Exploring Granada and surrounds.
25.10.2012 - 31.10.2012 27 °C
Up until fairly recently, I couldn’t tell you a thing about Nicaragua. I may have even looked for it on a map of Africa. But now, after visiting I can tell you lots. I can tell you all about the country’s spectacular scenery, the smiling people, the gorgeous historic city of Granada and even its interesting though terribly sad history. What I can’t tell you is why this country, the largest in Central America, doesn’t have a higher profile.
— Nicaragua is the largest country in Central America and home to 6 million people.
Most of our time in Nicaragua was spent in the colourful city of Granada. Historic buildings, sun-splashed streets and a postcard-perfect central park are just some of the city’s assets. Sure, there are plenty of tourists but Granada still feels ‘real’. You only have to go to the haphazard market, just a couple blocks off the main drag to see locals going about their everyday life. You can even see farmers delivering their produce by horse and cart.
— Our tour group.
— The Cathedral of Granada.
— The bustling market.
— The biggest hammock in Central America! It's part of an inspiring project which teaches people who are deaf, blind or mute the craft of a hammock making.
Granada is a perfect base for exploring the region. Just a short drive out brings you to the Masaya National Park, home to abundant wildlife, two volcanoes and five craters. I asked our guide when the last eruption was, expecting him to say “in 1640” or even “in 1965”, instead he said “April”. This is not what you want to hear as your mini-bus climbs closer and closer to the rim of the active Masaya volcano. Then again, we were given hardhats...
— We all know the best protection from an erupting volcano is a yellow plastic hat.
It’s an amazing feeling to peer over the edge of an angry volcano, spewing smoke and sulfur gases. It was breath taking…literally! The gases get caught in your lungs and it’s difficult to breath. In fact, visitors are only allowed to spend 20 minutes up there. It’s not hard to see why the Spanish thought of Masaya as the entrance to hell. The indigenous people were terrified of it too, offering it children and virgins to stop its anger boiling over. Just a few decades ago, people opposing Nicaragua’s dictatorship were thrown in too.
— Brayden about to be sacrificed...and very happy about it.
— The cross was erected in the 16th century by the church in an attempt to exorcise the Devil.
Next on our grand tour of Granada’s surrounds was a stop at the little town of Catarina. Situated about 500 metres above sea level, Catarina is the best place to see the country’s largest volcanic crater lake, Lake Apoyo.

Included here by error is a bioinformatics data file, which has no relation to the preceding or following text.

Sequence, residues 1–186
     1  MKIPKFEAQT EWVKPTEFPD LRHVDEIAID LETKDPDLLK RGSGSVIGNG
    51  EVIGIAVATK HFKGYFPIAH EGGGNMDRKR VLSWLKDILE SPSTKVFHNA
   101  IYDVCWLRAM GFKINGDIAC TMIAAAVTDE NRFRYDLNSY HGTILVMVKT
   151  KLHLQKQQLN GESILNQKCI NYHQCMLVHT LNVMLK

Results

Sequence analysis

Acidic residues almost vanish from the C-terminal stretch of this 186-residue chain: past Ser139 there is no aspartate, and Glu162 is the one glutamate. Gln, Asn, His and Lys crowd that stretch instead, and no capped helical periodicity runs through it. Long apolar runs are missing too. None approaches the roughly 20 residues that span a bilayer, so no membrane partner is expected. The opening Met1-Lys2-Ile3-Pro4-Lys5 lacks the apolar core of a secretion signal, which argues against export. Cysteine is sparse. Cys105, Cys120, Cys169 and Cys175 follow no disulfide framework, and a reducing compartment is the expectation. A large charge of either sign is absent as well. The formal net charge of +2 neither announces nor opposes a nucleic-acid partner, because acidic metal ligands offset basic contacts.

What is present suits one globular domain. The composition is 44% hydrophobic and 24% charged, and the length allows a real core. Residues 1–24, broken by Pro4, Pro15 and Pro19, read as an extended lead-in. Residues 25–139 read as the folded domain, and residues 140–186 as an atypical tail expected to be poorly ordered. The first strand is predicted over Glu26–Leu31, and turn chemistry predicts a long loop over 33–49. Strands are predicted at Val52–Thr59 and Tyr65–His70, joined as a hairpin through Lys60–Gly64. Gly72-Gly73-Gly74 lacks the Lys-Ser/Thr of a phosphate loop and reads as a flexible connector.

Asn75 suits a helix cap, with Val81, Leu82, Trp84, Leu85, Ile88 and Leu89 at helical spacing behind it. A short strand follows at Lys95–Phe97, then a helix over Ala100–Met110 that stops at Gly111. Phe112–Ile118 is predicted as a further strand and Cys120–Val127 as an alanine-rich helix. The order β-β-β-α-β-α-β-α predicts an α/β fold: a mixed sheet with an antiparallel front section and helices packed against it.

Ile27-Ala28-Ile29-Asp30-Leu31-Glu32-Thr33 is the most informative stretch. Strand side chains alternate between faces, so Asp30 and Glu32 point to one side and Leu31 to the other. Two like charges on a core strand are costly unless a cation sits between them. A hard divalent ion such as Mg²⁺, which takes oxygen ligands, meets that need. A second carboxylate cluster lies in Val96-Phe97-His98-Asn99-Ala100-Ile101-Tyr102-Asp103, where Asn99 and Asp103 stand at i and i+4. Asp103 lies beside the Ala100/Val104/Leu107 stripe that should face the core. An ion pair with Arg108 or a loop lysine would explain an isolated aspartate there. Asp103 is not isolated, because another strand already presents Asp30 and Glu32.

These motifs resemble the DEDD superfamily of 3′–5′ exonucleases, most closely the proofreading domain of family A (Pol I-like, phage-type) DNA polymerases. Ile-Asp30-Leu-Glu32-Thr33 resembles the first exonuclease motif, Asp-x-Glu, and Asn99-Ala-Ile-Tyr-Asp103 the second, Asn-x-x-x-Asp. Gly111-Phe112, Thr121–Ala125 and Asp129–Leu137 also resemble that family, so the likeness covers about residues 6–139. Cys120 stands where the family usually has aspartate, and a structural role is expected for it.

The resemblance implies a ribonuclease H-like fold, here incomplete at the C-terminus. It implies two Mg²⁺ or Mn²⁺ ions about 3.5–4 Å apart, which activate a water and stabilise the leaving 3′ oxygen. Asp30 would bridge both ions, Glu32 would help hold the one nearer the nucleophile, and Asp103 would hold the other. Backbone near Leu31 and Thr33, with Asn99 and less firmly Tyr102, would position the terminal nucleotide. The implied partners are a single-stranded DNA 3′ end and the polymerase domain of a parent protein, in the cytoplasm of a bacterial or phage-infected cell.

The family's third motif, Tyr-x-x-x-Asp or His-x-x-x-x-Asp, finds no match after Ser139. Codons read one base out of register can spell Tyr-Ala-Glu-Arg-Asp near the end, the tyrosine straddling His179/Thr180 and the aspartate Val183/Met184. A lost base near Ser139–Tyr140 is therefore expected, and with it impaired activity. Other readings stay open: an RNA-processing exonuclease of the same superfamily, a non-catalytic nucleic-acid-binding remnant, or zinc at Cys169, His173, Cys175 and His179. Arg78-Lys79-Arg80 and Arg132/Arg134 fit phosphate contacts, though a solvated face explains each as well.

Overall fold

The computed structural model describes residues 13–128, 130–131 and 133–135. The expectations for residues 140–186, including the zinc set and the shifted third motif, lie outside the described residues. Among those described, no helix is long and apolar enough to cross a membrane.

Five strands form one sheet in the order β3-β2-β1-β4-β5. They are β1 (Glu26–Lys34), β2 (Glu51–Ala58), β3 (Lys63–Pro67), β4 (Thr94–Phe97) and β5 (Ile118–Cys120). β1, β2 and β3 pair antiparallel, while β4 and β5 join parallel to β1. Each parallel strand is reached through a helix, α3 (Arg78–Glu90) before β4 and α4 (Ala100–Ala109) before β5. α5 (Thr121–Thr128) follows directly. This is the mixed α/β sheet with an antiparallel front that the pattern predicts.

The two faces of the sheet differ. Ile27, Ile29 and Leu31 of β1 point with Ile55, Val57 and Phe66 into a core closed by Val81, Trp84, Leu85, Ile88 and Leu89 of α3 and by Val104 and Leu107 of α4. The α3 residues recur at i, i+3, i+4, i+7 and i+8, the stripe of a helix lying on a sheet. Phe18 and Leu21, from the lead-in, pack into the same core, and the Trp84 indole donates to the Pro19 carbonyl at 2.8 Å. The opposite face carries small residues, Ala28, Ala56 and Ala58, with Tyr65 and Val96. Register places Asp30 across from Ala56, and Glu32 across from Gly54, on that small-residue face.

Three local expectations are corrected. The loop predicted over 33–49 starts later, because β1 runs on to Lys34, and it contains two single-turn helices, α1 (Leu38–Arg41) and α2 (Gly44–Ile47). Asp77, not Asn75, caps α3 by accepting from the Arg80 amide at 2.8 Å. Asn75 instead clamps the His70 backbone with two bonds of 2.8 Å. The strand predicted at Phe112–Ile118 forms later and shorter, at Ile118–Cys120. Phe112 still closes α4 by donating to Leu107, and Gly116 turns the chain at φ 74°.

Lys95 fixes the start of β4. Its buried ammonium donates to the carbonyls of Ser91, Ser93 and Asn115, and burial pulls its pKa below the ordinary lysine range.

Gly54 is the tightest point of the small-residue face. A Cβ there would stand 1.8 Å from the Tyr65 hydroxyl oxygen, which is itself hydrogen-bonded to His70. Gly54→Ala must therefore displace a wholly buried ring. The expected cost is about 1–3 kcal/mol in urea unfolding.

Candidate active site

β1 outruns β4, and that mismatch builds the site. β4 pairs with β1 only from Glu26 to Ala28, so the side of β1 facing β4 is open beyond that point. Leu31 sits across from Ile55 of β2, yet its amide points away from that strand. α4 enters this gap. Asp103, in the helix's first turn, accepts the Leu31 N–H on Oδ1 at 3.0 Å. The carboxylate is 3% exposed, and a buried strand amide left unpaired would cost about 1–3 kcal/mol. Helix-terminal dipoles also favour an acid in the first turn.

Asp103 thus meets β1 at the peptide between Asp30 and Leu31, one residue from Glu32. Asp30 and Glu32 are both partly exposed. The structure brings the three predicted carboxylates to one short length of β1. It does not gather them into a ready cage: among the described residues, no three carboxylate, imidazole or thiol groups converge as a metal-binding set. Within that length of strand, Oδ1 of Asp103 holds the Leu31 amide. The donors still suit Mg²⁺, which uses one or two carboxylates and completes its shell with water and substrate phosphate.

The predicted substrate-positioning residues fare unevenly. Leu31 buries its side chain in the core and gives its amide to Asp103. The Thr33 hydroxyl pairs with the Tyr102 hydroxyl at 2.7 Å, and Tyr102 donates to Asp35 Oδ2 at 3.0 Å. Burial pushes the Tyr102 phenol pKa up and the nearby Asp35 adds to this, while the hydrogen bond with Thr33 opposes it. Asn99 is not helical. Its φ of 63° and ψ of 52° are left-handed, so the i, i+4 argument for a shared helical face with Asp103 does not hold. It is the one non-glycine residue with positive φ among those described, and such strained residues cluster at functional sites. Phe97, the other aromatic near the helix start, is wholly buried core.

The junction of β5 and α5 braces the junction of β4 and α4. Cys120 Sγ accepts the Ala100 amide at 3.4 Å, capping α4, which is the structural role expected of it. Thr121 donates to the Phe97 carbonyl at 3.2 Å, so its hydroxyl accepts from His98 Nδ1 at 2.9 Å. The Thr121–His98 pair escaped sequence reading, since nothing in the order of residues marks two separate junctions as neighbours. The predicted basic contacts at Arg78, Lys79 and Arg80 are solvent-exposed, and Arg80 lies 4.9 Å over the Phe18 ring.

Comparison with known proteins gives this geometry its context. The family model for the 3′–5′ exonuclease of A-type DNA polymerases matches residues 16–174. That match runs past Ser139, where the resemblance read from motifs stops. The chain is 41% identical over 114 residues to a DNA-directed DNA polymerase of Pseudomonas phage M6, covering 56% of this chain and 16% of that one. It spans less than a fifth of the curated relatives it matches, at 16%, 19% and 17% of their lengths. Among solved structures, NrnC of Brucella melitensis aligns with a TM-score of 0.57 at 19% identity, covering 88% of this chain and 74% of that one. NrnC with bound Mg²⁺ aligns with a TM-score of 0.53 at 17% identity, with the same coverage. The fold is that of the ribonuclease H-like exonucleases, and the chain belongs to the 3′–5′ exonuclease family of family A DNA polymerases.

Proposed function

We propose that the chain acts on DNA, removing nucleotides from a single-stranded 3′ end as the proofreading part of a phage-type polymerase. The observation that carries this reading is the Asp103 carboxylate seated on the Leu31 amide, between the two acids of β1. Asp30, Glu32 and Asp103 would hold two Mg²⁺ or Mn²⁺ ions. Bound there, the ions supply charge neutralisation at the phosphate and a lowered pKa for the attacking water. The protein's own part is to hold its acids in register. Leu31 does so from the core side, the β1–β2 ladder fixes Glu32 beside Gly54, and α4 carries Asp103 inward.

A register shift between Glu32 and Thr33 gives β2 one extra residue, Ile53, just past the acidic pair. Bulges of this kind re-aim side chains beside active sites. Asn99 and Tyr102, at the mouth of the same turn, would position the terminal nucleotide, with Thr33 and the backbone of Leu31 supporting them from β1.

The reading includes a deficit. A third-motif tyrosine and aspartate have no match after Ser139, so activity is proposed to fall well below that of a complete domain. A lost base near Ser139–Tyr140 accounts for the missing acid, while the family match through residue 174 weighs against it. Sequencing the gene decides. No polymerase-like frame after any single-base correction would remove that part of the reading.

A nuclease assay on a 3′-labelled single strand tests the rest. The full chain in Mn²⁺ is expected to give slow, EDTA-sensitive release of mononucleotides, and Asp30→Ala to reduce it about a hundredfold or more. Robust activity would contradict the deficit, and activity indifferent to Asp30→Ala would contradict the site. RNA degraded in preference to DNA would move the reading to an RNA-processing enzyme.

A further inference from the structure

— The crater of Apoyo was formed more than 20 thousand years ago after a volcanic explosion. Today it's considered to be a sleeping volcano.
— Check out Bray's scabby elbow after falling of his scooter on Roatan Island!
The indigenous people of the region are famous for their pottery and we had the chance to see how it was made at the town of San Juan de Oriente. The process hasn’t changed in centuries, nor have the beautiful designs. I could have bought the whole showroom! I instead settled for photographing the whole showroom.
— Future potters.
We finished our day with a cruise on Lake Nicaragua. Earlier in the day we had visited the Masaya Volcano, the gateway to hell and now we were in heaven. The lake has a collection of 365 small islands formed after a volcano blew up. Most of the islands are covered in vegetation and teeming with bird life. Some have luxury properties built on them, while one island is home to a colony of monkeys!
— Lake Nicaragua is the second largest lake in Latin America (after Lake Titicaca.
— Watching the sunset from the Fort of San Pablo, built to protect the city from pirates in the 18th century.
Granada is great for nightlife too. There are plenty of top restaurants, many of them with tables spilling out onto the sidewalk. On one of the nights we were there, the final of the World Series baseball was being played out between San Francisco and Detroit. Baseball is the number one sport in Nicaragua and the locals were loving it.
— When the sun goes down, the city comes alive.
— Baile de los gigantes.
From Granada we made our way via a packed chicken bus to Ometepe, an island formed by two volcanoes jutting out of Lake Nicaragua. When I first saw it from the ferry I immediately understood why it’s described as something out of a fairytale book. Wow!
— The most overcrowded bus we've ever experienced. Look at the misery on some of the people's faces.
— Ometepe, the world's largest island in a freshwater lake.
— The perfectly cone-shaped volcano Concepción.
There’s lots to do here but we were happy just chilling out by the water. We also trekked up to a lookout to watch one of the best sunsets I’ve ever seen.
— Bonfire on the lake shore.
Next stop Costa Rica.